Tish’a B’Av (or Tisha B’Av, or Tisha Bov, or…) will soon be upon us, on the evening of August 13. I’ve previously discussed the holiday a bit, and so I won’t revisit the basics here. (Revisiting the basics, especially how the holiday is viewed from a Humanistic Jewish perspective, is what the first of those two links is for. The second link is sort of connected to how the rabbis of the Talmudic period understood the causes for the destruction of the Second Temple, which to some degree plays into their understanding of Tish’a B’Av.) And perhaps the word “truther” in the title of this post isn’t the best description for what I’m about to say, but hey, we all need a little clickbait in our lives.
So, here’s the thing. We continue, into the 21st century, to commemorate with some form of lamentation (pun intended) the destruction of a building that literally enshrined a view of the Jewish people and, for that matter, the entire universe that clashes with our modern conceptions of these things. We don’t generally think that the large-scale slaughtering of animals, scattering their blood on a stone altar, burning some of them whole and only parts of others, and pouring wine or meal or honey on an altar effect atonement.
And yet we mourn the loss of that sacrificial cult.
Or, do we mourn Jewish independence prior to the creation of the modern State of Israel? Well…there’s probably historically no period after the return from the Babylonian Exile in which there was a truly independent Jewish kingdom. The Judean kingdom was always dancing to someone’s tune: first the Persians, then the Greeks in any of a number of forms, then the Romans. What’s that you say? The Maccabean revolt? Ah, yes, the fight against the Greeks–except that Jewish leaders from then onward had Greek names and continued to triangulate with their Greek-dominated neighbors. And even the brief period of political independence–from roughly 110 BCE to 63 BCE–was far from the idyllic independence of our imaginings: as best we can tell from what documents there are (primarily consisting of Josephus and some rabbinic materials), this period was essentially a sequence of internecine conflicts among members of the Hasmonean line.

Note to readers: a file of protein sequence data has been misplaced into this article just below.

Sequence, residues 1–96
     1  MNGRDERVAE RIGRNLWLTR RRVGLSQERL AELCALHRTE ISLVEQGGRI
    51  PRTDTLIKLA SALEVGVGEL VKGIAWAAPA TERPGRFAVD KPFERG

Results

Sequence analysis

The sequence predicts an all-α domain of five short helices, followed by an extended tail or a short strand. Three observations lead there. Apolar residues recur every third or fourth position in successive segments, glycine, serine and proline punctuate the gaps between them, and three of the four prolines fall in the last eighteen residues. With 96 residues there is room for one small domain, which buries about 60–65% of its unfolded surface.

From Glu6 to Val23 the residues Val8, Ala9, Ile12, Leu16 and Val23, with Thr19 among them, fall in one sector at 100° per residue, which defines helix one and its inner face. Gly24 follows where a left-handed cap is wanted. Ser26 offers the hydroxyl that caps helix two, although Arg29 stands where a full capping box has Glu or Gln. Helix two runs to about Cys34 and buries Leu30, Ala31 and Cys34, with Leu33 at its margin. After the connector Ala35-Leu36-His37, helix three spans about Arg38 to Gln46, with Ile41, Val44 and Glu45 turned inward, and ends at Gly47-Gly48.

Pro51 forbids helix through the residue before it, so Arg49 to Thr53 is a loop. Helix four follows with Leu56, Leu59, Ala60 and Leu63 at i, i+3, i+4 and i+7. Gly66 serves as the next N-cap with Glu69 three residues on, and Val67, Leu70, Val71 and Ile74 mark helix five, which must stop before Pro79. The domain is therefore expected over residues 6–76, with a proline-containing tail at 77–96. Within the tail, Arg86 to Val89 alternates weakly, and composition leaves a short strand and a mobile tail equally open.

How did it all end? Two brothers fought one another for control while Rome rapidly grew into Asia Minor, the Levant, and Egypt; each brother eventually tried to petition Roman leaders to intervene. The Romans did what the Romans were quite good at: playing the sides against one another and eventually seizing control themselves, leading to the installation of a series of vassal kings, who would sort-of rule until the Jewish Revolt in 63 CE.
Is this the independent government we are to mourn? The government that, at some point, gave rise to the Sadducee/Pharisee split and even the departure of some portion of the community from broader Jewish life, creating what were the forerunners of the separatist, apocalyptic Qumran community?
Humanistic Jews don’t value the sacrificial cult, and we don’t value the type of autocracy that came to dominate Judean life in the Hasmonean period. Indeed, our values line up more closely with what Jewish life was like outside the land of Israel in this period–with the general social mobility and deeply Hellenistic intellectual diversity that seems to have marked the Jewish community in Alexandria and elsewhere.
The upshot is that I, at least, simply do not mourn the loss of either Temple. I don’t mourn the upending of the assumptions associated with a Jewish identity that puts Jews at the center of world history. And in fact, even the destruction of the Temples did not put that notion to rest: the rabbis continued to carry that concept, and it was transmitted forward even into modern liberal Jewish movements. Some now speak of not a Chosen but a Choosing People, but let’s not be mistaken: a Choosing People gets to choose its role because it is somehow privileged to do so. (As David Ariel notes, “It is the Jews who are called, but it is not necessarily God doing the calling,” though curiously in this notion the Jews are called to practice Judaism–though perhaps non-Jews are not called to practice anything in particular?)